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Source Code

by on April 7th, 2011

The Players: Jake Gyllenhaal, Michelle Monaghan, Vera Farmiga, and Jeffery Wright.

The Game Plan: Source Code starts off with a confused man (Jake Gyllenhaal) waking up on a commuter train.  Despite looking and sounding different, the man is convinced his name is Colter Stevens, and that he’s a military helicopter pilot who was stationed in Iraq, but his acquaintance Christina (Michelle Monaghan) claims his name is Shawn.  Shawn and Christina spend the next few minutes trying to piece together the mystery of who he is, and how he got on the train, only to be abruptly interrupted when a bomb explodes killing all the passengers on the train.  Suddenly a bewildered Colter, finds himself in a completely different reality where he is told that he is actually part of a special government project, and his mission is to replay the last eight minutes of another man’s life, in order to prevent a bomb from exploding on a Chicago commuter train.  After several failed attempts to find the bomber, Colter finds himself growing fond of Christina, and decides that saving her life is just as important as saving the lives of the millions of people who will be killed in Downtown Chicago if he doesn’t complete his mission.

Dante’s Thoughts: This film reminded me of Vantage Point where the same critical moment in time is repeated over and over again from a different perspective.  In this case, the plot treats the last eight minutes of brain activity before death like an incandescent light bulb at the moment it is switched off, and all that remains is a few seconds of lingering light, called The Source Code.  So each time Jake Gyllenhaal’s character Colter Stevens finds himself on the train with Christina he has eight minutes to unravel the terrorist plot that threatens of a potential mass murderer.  It’s sort of like playing a video game…if you die that’s ok, because you get unlimited cracks at it… or enough chances until the next bomb explodes.  Naturally, while Colter is trying to find information on the bomb, he takes a liking to his beautiful companion on the train Christina, but hey, Michelle Monaghan is easy on the eyes, and if I had only had eight minutes to live, I wouldn’t mind spending them with her.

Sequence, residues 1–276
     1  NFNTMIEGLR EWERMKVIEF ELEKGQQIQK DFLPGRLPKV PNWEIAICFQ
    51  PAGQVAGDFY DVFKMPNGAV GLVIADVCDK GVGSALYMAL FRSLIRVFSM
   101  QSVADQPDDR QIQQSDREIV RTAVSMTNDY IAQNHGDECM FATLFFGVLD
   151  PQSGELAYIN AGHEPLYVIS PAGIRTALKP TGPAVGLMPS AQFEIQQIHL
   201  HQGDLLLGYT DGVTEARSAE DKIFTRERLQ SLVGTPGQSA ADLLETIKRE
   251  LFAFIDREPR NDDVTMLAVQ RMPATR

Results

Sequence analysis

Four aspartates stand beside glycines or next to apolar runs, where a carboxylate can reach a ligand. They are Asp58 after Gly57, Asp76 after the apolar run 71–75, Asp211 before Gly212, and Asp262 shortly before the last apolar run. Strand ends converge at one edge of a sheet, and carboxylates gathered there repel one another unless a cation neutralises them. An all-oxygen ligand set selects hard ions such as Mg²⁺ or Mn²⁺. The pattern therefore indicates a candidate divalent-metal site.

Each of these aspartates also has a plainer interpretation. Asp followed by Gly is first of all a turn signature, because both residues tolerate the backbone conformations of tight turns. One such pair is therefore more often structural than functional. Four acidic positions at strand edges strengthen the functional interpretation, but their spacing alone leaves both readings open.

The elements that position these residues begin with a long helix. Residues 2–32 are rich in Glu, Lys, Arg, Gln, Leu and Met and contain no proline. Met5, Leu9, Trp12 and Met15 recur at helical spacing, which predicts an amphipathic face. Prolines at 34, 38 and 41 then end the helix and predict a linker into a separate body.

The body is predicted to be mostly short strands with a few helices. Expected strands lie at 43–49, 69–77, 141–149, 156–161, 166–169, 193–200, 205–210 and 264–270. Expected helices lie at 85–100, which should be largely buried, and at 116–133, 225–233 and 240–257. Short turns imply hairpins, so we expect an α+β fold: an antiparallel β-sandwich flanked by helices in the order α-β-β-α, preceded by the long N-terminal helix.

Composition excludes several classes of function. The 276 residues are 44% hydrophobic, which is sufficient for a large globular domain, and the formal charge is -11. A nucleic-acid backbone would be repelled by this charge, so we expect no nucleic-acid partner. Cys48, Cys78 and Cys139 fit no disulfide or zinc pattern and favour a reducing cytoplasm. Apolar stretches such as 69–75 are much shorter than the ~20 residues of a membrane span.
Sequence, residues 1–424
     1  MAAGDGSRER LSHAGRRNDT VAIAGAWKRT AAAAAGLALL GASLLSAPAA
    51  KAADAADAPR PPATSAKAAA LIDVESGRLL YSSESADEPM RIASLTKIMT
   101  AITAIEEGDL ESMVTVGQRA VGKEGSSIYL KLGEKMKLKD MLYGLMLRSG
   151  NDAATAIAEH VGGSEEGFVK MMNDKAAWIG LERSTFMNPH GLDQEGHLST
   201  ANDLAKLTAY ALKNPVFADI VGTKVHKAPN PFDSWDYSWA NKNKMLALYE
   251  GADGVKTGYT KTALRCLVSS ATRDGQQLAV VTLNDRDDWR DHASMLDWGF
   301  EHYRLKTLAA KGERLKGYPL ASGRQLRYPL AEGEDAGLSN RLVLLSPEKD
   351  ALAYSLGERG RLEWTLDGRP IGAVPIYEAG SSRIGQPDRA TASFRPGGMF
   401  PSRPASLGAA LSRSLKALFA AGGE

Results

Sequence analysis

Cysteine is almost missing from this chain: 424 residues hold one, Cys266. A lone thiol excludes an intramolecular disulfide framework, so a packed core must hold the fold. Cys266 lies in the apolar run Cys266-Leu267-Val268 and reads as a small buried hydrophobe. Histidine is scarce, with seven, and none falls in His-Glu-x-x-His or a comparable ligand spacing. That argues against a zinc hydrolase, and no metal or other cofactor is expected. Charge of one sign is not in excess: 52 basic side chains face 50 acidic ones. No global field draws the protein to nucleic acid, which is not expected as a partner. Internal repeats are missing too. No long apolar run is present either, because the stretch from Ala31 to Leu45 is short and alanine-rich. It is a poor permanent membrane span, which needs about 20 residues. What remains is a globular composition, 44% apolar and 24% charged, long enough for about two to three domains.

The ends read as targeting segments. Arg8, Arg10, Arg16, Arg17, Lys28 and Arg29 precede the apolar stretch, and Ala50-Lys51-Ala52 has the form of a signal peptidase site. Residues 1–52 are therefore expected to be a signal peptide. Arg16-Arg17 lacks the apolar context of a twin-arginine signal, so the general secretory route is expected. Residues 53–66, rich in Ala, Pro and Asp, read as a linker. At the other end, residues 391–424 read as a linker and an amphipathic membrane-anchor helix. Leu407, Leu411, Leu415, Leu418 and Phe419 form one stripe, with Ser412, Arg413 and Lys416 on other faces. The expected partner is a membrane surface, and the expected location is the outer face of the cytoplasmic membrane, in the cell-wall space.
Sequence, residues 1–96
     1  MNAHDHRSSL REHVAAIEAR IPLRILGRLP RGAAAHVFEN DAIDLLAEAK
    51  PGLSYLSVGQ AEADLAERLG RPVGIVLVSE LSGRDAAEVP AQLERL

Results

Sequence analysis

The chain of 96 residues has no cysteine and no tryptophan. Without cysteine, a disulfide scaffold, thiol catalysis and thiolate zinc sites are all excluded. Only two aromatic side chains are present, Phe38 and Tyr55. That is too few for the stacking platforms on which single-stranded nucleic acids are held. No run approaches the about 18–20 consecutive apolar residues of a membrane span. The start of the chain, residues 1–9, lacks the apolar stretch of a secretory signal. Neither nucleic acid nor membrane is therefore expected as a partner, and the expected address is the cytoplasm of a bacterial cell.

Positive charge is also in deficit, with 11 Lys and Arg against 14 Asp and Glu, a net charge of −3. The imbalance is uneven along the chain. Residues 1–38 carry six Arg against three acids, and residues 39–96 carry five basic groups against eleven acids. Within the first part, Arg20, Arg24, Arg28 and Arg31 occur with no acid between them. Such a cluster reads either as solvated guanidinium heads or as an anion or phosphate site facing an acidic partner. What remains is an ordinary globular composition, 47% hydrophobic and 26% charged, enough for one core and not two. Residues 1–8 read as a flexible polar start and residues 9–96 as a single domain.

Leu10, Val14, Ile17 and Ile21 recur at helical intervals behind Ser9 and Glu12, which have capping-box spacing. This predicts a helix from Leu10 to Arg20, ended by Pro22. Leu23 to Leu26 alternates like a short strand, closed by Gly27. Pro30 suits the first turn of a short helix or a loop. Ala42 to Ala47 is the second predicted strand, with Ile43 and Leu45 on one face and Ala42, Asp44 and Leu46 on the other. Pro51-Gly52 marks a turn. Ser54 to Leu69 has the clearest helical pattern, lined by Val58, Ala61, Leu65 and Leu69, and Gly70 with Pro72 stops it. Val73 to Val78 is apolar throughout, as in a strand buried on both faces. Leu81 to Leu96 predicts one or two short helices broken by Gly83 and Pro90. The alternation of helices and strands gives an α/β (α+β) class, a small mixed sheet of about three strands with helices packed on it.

Now let’s talk about the acting… The main cast is good; Michelle Monaghan and Jake Gyllenhaal made each replay on the train feel like it was the first time; Vera Farmiga as Colleen Goodwin conveyed the stress and emotional turmoil of the ethically challenged personnel heading up the Source Code program well; and Jeffery Wright was able to shine in his role as the mastermind behind Source Code.

The ending takes a sharp turn away from the direction the storyline seemed to be heading in, and although the plot is interesting, I was never really on the edge of my seat.

Touchdown: Audiences usually like movies with fresh new fictional or real-life ideas that make you think outside of the box.  Source Code doesn’t disappoint.  It takes a radical fictional concept and turns it into something thoroughly enjoyable.

Penalties: I have to throw a flag against the lukewarm performances given by the supporting cast.  It felt like scene after scene of good acting from the main cast mixed in with shabby performances and bad dialogue from everyone else.

The ending could have used a little more polish as well, it seemed more like a hap hazard, no huddle, two minuet drill, that was thrown together in a last ditch attempt to say… “Yes, we’ve come up with something… Colter outsmarts them all.”

End of Game Summary: Source Code is an intriguing thriller with most of the working parts of a good film.

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